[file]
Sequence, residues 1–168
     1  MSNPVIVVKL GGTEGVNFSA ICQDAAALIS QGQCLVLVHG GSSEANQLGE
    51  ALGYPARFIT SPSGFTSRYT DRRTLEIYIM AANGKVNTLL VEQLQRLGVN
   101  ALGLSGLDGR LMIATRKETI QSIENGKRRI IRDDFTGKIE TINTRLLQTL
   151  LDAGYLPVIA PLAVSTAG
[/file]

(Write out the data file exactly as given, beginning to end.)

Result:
Sequence, residues 1–168
     1  MSNPVIVVKL GGTEGVNFSA ICQDAAALIS QGQCLVLVHG GSSEANQLGE
    51  ALGYPARFIT SPSGFTSRYT DRRTLEIYIM AANGKVNTLL VEQLQRLGVN
   101  ALGLSGLDGR LMIATRKETI QSIENGKRRI IRDDFTGKIE TINTRLLQTL
   151  LDAGYLPVIA PLAVSTAG